Inspired by the remarkable true story of Lillian Alling, an Eastern European emigrant who walked from New York to Alaska through the Midwest and Canada in an attempt to reach Russia in the 1920s, Austrian filmmaker Andreas Horvath’s Lillian is a visually stunning imagining of this epic journey through modern-day America; a journey that takes viewers through poverty-stricken towns and desolate rural roads to harsh deserts and grand forests and laced with a sardonic commentary on a decaying and desolate US and our relationship with nature.
Unlike protagonists in more conventional road movies, Lillian (Patrycja Planik) is a blank slate. Remaining silent and unresponsive to the few humans she interacts with her motivation and reasoning for continuing on her cross-continent trip are kept a mystery, the eponymous protagonist is best understood as a vessel for audiences to witness this journey rather than being a bubbling character of her own – especially since little is known about the real figure and her journey. She’s told by a sleazy pornography producer at the opening of the film she should go back to Russia, and she does. Even with virtually no dialogue, Planik plays the part with a steely determinism that paints her as an unstoppable force.
Undoubtedly, Horvath’s greatest achievement with his latest feature is his cinematography, which captures the landscape with jaw-dropping scale and beauty. One shot of the Rocky Mountains in particular is emblematic of the ambitious artistic vision of the film. But what makes moments like these impressive is how they work in counterpoint with the sheer bleakness the opening portion of the picture, which comprises traffic-clogged highways, abandoned and collapsing homes, and shots with polluting factories looming in the background. Combine the imagery of a decaying America with not-so-subtle dialogue highlighting other environmental issues – including flash floods and a pipeline threatening Native American tribes – and Lillian quickly evolves into a thoughtful commentary on our relationship with nature – a theme that’s reinforced once again during a poetic (but head scratching) ending.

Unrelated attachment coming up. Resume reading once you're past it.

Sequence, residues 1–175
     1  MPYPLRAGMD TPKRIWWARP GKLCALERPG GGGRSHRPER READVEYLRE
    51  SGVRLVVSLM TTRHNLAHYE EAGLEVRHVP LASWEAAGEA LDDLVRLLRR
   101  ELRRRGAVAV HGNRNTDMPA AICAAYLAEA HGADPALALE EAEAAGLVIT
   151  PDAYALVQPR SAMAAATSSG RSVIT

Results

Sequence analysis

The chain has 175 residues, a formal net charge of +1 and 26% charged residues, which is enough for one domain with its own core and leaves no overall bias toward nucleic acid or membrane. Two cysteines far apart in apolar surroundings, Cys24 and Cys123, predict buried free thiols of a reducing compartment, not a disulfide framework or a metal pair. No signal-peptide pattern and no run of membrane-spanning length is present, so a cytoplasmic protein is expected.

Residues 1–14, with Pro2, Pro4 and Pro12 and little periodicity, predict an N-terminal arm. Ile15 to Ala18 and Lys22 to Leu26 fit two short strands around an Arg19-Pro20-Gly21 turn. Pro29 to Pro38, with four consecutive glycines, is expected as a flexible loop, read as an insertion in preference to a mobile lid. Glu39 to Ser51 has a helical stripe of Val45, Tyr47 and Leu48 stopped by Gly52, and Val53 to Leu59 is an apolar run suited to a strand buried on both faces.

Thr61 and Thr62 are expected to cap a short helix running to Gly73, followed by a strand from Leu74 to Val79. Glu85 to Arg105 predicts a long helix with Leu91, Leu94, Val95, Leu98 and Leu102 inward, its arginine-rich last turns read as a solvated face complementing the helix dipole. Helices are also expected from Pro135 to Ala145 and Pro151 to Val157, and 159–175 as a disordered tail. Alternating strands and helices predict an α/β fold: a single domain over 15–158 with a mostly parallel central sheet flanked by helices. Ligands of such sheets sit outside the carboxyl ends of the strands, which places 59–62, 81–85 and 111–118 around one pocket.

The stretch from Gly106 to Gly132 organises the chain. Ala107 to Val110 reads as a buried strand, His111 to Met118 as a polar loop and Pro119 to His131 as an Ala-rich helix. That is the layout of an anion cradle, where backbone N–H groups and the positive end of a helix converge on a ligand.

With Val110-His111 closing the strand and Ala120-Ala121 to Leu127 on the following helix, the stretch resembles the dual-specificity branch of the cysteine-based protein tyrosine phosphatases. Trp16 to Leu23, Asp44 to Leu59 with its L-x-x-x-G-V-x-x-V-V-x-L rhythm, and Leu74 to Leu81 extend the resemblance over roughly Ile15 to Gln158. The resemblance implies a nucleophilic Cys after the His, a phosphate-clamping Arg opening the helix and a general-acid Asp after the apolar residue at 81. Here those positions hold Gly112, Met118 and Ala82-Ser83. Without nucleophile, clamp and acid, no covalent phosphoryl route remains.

The soundtrack, too, does an excellent job in establishing atmosphere and keeps the film moving at its own pace. However, at over two hours, the feature’s pacing does occasionally become a slog, with many drawn-out sequences padding an already mammoth expedition without adding much to the experience.
Nonetheless, remarkably stunning and thoughtful, Lilian is a cinematic journey worth taking.
Lillian does not have a UK release date yet.
Read more reviews from our Cannes Film Festival 2019 coverage here.
For further information about the event visit the Cannes Film Festival website here.